Academic journal article South Dakota Law Review

Reconciling a Split of Authority: A South Dakota Response to Recent Developments in Drunk Driving Law

Academic journal article South Dakota Law Review

Reconciling a Split of Authority: A South Dakota Response to Recent Developments in Drunk Driving Law

Article excerpt

For over forty years, South Dakota courts have presumed the Fourth Amendment does not require an officer making an arrest for drunk driving to obtain a warrant before requiring a blood test. Officers, acting on this presumption, have required suspects to submit to blood tests even after the suspect refuses. Recent case law shows this presumption is mistaken. The need for a warrant depends on the totality of the circumstances. The South Dakota judiciary should act to reclaim the weighty role of standing between police officers seeking evidence through a Fourth Amendment search in DUI cases and the citizenry they have sworn to protect. To accomplish this, the judiciary should unequivocally articulate circumstances that require a warrant and circumstances where police officers may forego obtaining a warrant. When police officers clearly understand what the courts expect, the officers' job is made easier, the judiciary's warrant approval process becomes more efficient, and the citizens' rights are better protected.

I. INTRODUCTION

The Fourth Amendment (1) requires police officers obtain a warrant before a person arrested for Driving Under the Influence (DUI) can be required to submit to a blood test. (2) If, however, the police officer reasonably believes he faces an emergency "in which the delay necessary in obtaining a warrant ... threaten[s] 'the destruction of evidence,'" the officer may forego the warrant requirement. (3) This exception to the general warrant requirement falls within what are known as exigent circumstances. (4) In a DUI case, the most important evidence of the crime in obtaining a warrant that are not as prevalent in urban jurisdictions. (176) These include: the lack of cell phone coverage to call a magistrate, distance to medical facilities, and the unavailability of a magistrate to make the warrant determination. (177) Each future determination made by South Dakota courts will help inform police officers and prosecutors about how to conform their procedures to Fourth Amendment requirements, however the courts should not wait to spell out general guidelines: too much is at stake. (178)

In the meantime, courts should not exclude the BAC evidence where an officer relied on the Supreme Court of South Dakota's past decisions condoning warrantless nonconsensual blood tests in DUI cases. (179) After all, the purpose of the exclusion of evidence for Fourth Amendment violations is to deter future conduct, not to penalize reasonable reliance on past judicial precedent. (180) South Dakota courts should, on the other hand, caution officers that creating exigency by artificially delaying a blood draw would be rejected. (181)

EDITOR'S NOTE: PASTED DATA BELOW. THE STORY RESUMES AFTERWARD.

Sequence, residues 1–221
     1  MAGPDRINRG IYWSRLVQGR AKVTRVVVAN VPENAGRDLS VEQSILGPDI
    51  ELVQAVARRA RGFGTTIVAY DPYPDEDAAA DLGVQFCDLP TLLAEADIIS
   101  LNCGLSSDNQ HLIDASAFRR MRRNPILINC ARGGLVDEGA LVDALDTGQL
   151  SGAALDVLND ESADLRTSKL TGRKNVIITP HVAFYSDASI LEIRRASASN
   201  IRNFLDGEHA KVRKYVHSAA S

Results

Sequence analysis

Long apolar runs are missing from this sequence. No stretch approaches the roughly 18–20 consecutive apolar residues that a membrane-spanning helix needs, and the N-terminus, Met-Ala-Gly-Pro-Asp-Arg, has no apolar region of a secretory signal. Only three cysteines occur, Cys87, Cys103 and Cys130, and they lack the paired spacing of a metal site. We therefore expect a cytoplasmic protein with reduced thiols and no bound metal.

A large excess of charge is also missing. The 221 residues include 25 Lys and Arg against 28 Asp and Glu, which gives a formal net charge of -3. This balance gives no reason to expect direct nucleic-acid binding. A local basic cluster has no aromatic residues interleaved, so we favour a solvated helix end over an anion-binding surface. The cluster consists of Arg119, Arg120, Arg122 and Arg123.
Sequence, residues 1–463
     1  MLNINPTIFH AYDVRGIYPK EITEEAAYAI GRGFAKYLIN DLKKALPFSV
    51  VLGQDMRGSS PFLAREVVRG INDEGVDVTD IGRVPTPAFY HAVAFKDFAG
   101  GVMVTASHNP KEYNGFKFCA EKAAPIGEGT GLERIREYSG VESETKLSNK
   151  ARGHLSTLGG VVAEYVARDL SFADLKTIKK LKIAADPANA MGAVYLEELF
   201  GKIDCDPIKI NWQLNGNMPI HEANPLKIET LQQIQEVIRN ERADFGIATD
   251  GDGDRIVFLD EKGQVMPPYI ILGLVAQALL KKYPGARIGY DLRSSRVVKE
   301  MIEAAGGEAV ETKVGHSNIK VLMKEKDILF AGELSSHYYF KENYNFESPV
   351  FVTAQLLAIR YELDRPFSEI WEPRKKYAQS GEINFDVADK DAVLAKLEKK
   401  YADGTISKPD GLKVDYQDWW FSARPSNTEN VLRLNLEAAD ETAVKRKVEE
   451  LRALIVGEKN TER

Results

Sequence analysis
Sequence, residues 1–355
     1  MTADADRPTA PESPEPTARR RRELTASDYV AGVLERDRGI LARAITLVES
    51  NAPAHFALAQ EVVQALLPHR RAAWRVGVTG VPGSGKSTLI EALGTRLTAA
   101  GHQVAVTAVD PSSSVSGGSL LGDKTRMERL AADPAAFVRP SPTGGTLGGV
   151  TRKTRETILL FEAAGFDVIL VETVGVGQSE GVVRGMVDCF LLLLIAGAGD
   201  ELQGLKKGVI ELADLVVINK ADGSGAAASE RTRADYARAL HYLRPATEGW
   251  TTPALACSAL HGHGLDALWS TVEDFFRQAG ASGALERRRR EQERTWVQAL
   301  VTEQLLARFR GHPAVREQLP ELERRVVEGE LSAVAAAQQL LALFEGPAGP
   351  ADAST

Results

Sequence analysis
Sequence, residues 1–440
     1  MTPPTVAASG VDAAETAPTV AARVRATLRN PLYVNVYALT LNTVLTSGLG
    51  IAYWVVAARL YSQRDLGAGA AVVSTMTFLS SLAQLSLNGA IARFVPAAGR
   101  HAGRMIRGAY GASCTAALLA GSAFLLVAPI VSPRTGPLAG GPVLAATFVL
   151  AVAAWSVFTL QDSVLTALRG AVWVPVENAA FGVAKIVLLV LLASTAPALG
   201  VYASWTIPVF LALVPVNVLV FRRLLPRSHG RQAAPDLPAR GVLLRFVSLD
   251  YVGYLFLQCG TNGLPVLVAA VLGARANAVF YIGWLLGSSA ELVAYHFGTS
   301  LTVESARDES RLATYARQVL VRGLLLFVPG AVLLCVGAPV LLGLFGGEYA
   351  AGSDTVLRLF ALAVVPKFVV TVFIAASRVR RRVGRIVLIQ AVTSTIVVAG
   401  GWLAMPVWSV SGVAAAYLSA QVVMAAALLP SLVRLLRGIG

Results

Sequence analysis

C. GUIDELINES FOR OFFICERS

Unfortunately, based on the most current statement of the law governing DUI blood tests, "A police officer ... would have no idea--no idea--what the Fourth Amendment requires of him, once he decides to obtain a blood sample from a drunk driving suspect who has refused a breathalyzer test." (182) This confusion can, and should, be cleared up at the jurisdictional level. (183) As a starting point, police officers should get a warrant whenever possible, not just to meet Fourth Amendment requirements, but also because warrants insulate the blood test from a suppression motion and switch the burden of proof to the defendant claiming the search, i.e., blood test, was unlawful. (184)

South Dakota allows telephonic warrants, but they are not streamlined. (185) This type of warrant requires an officer to fill out the warrant application and read it verbatim to the issuing magistrate. (186) Once the magistrate approves the warrant, the requesting officer can sign the magistrate's name. (187) Because the circumstances in a DUI case are often routine, prosecutors and court officers should advocate for a more efficient process including creating form warrants that require less time to fill out yet still provide individualized and detailed information to the issuing magistrate. …

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